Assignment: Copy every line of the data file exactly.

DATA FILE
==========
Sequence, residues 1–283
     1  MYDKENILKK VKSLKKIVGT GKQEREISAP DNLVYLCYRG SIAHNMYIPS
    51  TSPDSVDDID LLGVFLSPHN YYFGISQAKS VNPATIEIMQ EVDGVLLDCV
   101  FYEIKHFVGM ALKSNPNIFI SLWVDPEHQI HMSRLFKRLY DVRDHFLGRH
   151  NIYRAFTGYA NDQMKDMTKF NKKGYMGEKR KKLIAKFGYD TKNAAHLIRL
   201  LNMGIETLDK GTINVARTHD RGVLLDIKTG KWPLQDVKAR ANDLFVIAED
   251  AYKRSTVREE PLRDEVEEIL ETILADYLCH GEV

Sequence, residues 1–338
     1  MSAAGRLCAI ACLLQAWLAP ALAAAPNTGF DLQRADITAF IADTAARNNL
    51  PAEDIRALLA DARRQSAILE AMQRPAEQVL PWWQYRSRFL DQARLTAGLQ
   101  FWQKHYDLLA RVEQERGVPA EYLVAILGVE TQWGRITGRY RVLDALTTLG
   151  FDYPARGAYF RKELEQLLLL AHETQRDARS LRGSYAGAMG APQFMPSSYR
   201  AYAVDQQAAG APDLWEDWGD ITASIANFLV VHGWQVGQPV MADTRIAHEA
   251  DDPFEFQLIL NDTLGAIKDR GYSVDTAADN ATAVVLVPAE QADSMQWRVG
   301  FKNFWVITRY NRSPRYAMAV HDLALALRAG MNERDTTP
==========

Sequence, residues 1–283
     1  MYDKENILKK VKSLKKIVGT GKQEREISAP DNLVYLCYRG SIAHNMYIPS
    51  TSPDSVDDID LLGVFLSPHN YYFGISQAKS VNPATIEIMQ EVDGVLLDCV
   101  FYEIKHFVGM ALKSNPNIFI SLWVDPEHQI HMSRLFKRLY DVRDHFLGRH
   151  NIYRAFTGYA NDQMKDMTKF NKKGYMGEKR KKLIAKFGYD TKNAAHLIRL
   201  LNMGIETLDK GTINVARTHD RGVLLDIKTG KWPLQDVKAR ANDLFVIAED
   251  AYKRSTVREE PLRDEVEEIL ETILADYLCH GEV

Sequence, residues 1–338
     1  MSAAGRLCAI ACLLQAWLAP ALAAAPNTGF DLQRADITAF IADTAARNNL
    51  PAEDIRALLA DARRQSAILE AMQRPAEQVL PWWQYRSRFL DQARLTAGLQ
   101  FWQKHYDLLA RVEQERGVPA EYLVAILGVE TQWGRITGRY RVLDALTTLG
   151  FDYPARGAYF RKELEQLLLL AHETQRDARS LRGSYAGAMG APQFMPSSYR
   201  AYAVDQQAAG APDLWEDWGD ITASIANFLV VHGWQVGQPV MADTRIAHEA
   251  DDPFEFQLIL NDTLGAIKDR GYSVDTAADN ATAVVLVPAE QADSMQWRVG
   301  FKNFWVITRY NRSPRYAMAV HDLALALRAG MNERDTTP